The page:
globalchange  > 影响、适应和脆弱性
DOI: 10.1002/2015JD024623
Wet scavenging of soluble gases in DC3 deep convective storms using WRF-Chem simulations and aircraft observations
Author: Bela M.M.; Barth M.C.; Toon O.B.; Fried A.; Homeyer C.R.; Morrison H.; Cummings K.A.; Li Y.; Pickering K.E.; Allen D.J.; Yang Q.; Wennberg P.O.; Crounse J.D.; St Clair J.M.; Teng A.P.; O'Sullivan D.; Huey L.G.; Chen D.; Liu X.; Blake D.R.; Blake N.J.; Apel E.C.; Hornbrook R.S.; Flocke F.; Campos T.; Diskin G.
Source Publication: Journal of Geophysical Research: Atmospheres
ISSN: 2169897X
Publishing Year: 2016
Volume: 121, Issue:8
pages begin: 4233
pages end: 4257
Language: 英语
Keyword: deep convective storms ; ice retention ; trace gases ; wet scavenging ; WRF-Chem
Scopus Keyword: airborne survey ; atmospheric convection ; atmospheric modeling ; formaldehyde ; hydrogen peroxide ; lightning ; NEXRAD ; nitric acid ; nitrogen oxides ; retention ; scavenging (chemistry) ; storm ; sulfur dioxide ; trace gas ; weather forecasting ; wet deposition ; Alabama ; Colorado ; Oklahoma [United States] ; United States
English Abstract: We examine wet scavenging of soluble trace gases in storms observed during the Deep Convective Clouds and Chemistry (DC3) field campaign. We conduct high-resolution simulations with the Weather Research and Forecasting model with Chemistry (WRF-Chem) of a severe storm in Oklahoma. The model represents well the storm location, size, and structure as compared with Next Generation Weather Radar reflectivity, and simulated CO transport is consistent with aircraft observations. Scavenging efficiencies (SEs) between inflow and outflow of soluble species are calculated from aircraft measurements and model simulations. Using a simple wet scavenging scheme, we simulate the SE of each soluble species within the error bars of the observations. The simulated SEs of all species except nitric acid (HNO3) are highly sensitive to the values specified for the fractions retained in ice when cloud water freezes. To reproduce the observations, we must assume zero ice retention for formaldehyde (CH2O) and hydrogen peroxide (H2O2) and complete retention for methyl hydrogen peroxide (CH3OOH) and sulfur dioxide (SO2), likely to compensate for the lack of aqueous chemistry in the model. We then compare scavenging efficiencies among storms that formed in Alabama and northeast Colorado and the Oklahoma storm. Significant differences in SEs are seen among storms and species. More scavenging of HNO3 and less removal of CH3OOH are seen in storms with higher maximum flash rates, an indication of more graupel mass. Graupel is associated with mixed-phase scavenging and lightning production of nitrogen oxides (NOx), processes that may explain the observed differences in HNO3 and CH3OOH scavenging. ©2016. American Geophysical Union. All Rights Reserved.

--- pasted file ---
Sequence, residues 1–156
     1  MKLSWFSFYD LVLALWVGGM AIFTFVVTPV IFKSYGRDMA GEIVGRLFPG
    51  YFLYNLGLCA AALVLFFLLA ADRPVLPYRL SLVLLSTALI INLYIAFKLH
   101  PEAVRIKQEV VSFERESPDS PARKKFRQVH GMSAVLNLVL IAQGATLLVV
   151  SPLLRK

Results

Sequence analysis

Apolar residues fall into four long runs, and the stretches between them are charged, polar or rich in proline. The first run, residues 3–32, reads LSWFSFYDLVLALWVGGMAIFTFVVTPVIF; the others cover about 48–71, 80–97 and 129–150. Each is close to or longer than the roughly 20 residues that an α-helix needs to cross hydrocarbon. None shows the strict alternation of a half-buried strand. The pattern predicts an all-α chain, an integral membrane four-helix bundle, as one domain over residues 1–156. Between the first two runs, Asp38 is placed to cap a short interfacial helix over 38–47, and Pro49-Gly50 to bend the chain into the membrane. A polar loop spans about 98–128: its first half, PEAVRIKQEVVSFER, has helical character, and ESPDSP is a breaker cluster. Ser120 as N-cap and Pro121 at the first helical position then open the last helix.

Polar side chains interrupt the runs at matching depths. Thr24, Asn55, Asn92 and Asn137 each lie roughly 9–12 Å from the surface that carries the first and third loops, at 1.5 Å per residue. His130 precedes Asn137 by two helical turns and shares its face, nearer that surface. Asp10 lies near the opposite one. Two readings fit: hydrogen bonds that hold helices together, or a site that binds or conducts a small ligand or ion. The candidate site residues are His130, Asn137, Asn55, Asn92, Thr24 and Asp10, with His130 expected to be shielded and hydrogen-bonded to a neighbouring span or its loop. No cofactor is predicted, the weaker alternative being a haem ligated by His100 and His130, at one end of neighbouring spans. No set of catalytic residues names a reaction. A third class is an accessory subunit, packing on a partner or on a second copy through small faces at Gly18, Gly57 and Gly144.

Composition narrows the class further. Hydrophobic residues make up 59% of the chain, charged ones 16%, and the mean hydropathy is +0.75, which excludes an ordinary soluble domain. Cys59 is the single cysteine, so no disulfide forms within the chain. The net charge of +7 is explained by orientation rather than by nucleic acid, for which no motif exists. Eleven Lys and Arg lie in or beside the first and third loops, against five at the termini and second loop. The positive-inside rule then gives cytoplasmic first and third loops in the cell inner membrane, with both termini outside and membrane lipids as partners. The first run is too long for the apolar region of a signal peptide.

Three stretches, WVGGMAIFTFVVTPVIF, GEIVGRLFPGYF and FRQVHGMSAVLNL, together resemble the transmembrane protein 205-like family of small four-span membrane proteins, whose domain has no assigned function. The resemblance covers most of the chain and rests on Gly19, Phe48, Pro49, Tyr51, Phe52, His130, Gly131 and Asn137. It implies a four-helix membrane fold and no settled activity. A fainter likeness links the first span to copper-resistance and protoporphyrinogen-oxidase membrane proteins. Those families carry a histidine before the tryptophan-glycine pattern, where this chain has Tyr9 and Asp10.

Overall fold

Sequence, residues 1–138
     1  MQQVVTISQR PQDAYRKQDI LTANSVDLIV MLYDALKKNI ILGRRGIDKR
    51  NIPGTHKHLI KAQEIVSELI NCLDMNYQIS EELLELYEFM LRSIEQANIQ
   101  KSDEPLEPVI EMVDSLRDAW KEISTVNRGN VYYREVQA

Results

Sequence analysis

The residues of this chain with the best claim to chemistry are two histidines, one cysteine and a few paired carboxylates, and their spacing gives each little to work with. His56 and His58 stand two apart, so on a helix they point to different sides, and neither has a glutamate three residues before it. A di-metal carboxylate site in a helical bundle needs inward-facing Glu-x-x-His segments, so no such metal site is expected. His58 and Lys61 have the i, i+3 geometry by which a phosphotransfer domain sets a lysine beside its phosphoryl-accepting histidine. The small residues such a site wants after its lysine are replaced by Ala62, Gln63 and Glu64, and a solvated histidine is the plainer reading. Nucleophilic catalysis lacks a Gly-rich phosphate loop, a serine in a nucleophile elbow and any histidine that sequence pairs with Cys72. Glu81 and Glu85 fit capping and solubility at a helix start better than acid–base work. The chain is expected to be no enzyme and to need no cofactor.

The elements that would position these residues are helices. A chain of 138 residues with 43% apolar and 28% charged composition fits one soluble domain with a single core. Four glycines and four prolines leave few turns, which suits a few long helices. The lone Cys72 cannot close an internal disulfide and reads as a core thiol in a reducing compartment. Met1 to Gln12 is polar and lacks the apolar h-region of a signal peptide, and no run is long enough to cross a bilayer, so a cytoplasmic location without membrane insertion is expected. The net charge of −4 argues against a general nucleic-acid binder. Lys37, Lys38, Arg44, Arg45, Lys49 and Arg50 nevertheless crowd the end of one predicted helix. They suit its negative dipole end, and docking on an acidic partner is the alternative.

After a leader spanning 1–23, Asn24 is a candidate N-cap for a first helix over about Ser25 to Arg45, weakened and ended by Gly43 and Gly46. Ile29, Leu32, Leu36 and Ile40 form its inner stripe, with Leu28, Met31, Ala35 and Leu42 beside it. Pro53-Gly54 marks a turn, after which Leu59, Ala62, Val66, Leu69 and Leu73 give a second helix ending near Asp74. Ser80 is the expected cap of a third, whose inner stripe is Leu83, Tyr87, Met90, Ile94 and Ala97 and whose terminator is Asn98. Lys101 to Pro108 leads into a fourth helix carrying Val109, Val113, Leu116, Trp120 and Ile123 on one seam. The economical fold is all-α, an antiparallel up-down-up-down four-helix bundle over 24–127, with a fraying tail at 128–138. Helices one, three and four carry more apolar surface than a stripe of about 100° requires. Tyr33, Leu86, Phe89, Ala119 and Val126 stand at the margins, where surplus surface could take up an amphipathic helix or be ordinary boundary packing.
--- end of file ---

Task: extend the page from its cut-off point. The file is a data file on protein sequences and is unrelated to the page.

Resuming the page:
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被引频次[WOS]:18   [查看WOS记录]     [查看WOS中相关记录]
Document Type: 期刊论文
Appears in Collections:影响、适应和脆弱性

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Affiliation: Department of Atmospheric and Oceanic Sciences, University of Colorado Boulder, Boulder, CO, United States; Laboratory for Atmospheric and Space Physics, University of Colorado Boulder, Boulder, CO, United States; National Center for Atmospheric Research, Boulder, CO, United States; Institute of Arctic and Alpine Research, University of Colorado Boulder, Boulder, CO, United States; School of Meteorology, University of Oklahoma, Norman, OK, United States; Department of Atmospheric and Oceanic Science, University of Maryland, College Park, MD, United States; National Aeronautics and Space Administration, Goddard Space Flight Center, Greenbelt, MD, United States; Pacific Northwest National Laboratory, Richland, WA, United States; Division of Geological and Planetary Sciences, California Institute of Technology, Pasadena, CA, United States; Division of Engineering and Applied Science, California Institute of Technology, Pasadena, CA, United States; Joint Center for Earth Systems Technology, University of Maryland, Baltimore County, Baltimore, MD, United States; U.S. Naval Academy, Annapolis, MD, United States; School of Earth and Atmospheric Sciences, Georgia Institute of Technology, Atlanta, GA, United States; Department of Chemistry, University of California, Irvine, CA, United States; NASA Langley Research Center, Hampton, VA, United States

Recommended Citation:
Bela M.M.,Barth M.C.,Toon O.B.,et al. Wet scavenging of soluble gases in DC3 deep convective storms using WRF-Chem simulations and aircraft observations[J]. Journal of Geophysical Research: Atmospheres,2016-01-01,121(8)
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